Link Posted: 6/23/2002 2:39:34 PM EDT

Originally Posted By Supershooter:
OK I will do a short list of stupid stuff to mount on a AR-15 and see what happens.

Flashlights



Short answer: Target identification.

Long Answer: Weapon mounted lights allow you to locate your target, positively identify the target, impare your targets night vision, and achieve good hits. It is generally not a good idea to kill your partners or family memebrs, so target identification is very important. Of course if your AR is limited to gun games and other general range use disregaurd my comments.

Add ons that I think are stupid:
Lead buttstock weights.
Lead Handguard Weights.
"Match" Triggers.
"NM" sights.
Leather slings.
Muzzle Brakes.
Heavy Brls.
Redi-mag.
Brass catchers.
Any optic above 4X.
Anthing that makes the rifle weigh more but doesnt significantly add to the users ability to kill bad guys.
Link Posted: 6/23/2002 2:41:02 PM EDT

Originally Posted By IMHO:
I get the impression that the buyers of these "gadgets" fall under two categories:

1) Cool guys. How many threads here focus upon how "cool" something looks? Similar threads focus on "what is the best. . . ?" Lots of photos of crazy looking rifles that are unscratched, unmarrred, apparently unused. Reminds me of the cars I see on the road with the aftermarket air spoilers and underbody kits. Look cool, but help little (if not harm) the performance. I think that this approach is most obvious in the "What pistol will fit my hand the best?" type threads. People see a press photo of a GI and want to look like him. An article in "Sweet Tactical Weapons" leads to a variety of threads asking about some kewl looking rail or grip or whatever.

2) This second group is made up, I think, of shooters who lack fundamental shooting skills. I see the parallels in golf, another sport that requires skill, but is also filled with little trinkets and gadgets that are guaranteed to improve one's game. If one hasn't got the fundamentals, then no new kevlar club will compensate.



Oops, you left off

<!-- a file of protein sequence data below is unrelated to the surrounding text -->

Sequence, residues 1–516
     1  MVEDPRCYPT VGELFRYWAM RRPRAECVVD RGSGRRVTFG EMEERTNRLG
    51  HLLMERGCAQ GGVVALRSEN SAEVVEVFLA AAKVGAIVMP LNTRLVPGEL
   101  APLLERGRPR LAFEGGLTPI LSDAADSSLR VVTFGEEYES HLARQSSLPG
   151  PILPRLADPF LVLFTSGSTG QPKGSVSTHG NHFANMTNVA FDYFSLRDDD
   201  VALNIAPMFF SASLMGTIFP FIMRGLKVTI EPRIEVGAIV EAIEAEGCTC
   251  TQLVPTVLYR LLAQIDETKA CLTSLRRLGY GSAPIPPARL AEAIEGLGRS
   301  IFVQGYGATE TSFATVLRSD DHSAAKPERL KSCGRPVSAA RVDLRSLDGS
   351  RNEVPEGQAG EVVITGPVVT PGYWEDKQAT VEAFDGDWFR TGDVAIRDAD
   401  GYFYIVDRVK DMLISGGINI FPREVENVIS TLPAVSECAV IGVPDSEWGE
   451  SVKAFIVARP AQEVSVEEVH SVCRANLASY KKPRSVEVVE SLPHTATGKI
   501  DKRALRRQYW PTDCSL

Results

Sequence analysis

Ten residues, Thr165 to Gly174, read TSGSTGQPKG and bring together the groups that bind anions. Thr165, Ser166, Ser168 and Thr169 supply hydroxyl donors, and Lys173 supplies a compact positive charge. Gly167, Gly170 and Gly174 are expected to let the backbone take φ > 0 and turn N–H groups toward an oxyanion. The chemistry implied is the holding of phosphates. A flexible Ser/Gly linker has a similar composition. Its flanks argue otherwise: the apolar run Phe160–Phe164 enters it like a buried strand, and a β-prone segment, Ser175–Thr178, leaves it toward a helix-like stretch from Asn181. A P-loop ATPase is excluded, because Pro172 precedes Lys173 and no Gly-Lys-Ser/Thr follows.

3)Those that disagree with you about the utility of certain devices but lack neither skill nor perspective.

But I know it's hard to be objective. Much easier to just categorize anyone with whom you disagree in a dismissive or pejorative pigeon-hole.
Link Posted: 6/23/2002 2:43:54 PM EDT

Originally Posted By IMHO:
I get the impression that the buyers of these "gadgets" fall under two categories:



You also forgot about the significant number of active duty and reserve military folks here, plus the equal numbers of full time and reserve peace officers who carry an AR type rifle at work every day.
Link Posted: 6/23/2002 2:44:49 PM EDT
Also, I think that the number of people who look at their AR as a battle rifle is extremely limited.

Look at the vast majority of photos of the rifles that appear on these pages. No scratches, no marring, no signs of use. Yes, I understand that the price of the gun means that few will deliberately abuse the appearance of the gun, but how often do we see questions about ways to remove the brass from the deflector?

Support for this idea comes from the number of people who train their rifles to hit the bullseye at 100 yards. Yes, I understand that this is a standard distance at the local range, but it appears that very few are aware of the rationale behind the A2 sights. By zeroing at 100 yards, the functionality of the sight is ignored. A look at ammo manufacturer ballistics tables doesn't support the 100 yard zero either, and I have reason to doubt that many take the time to calculate the bullet path and rise above/fall below the muzzle at any other distance. Highpower shooters excepted, of course.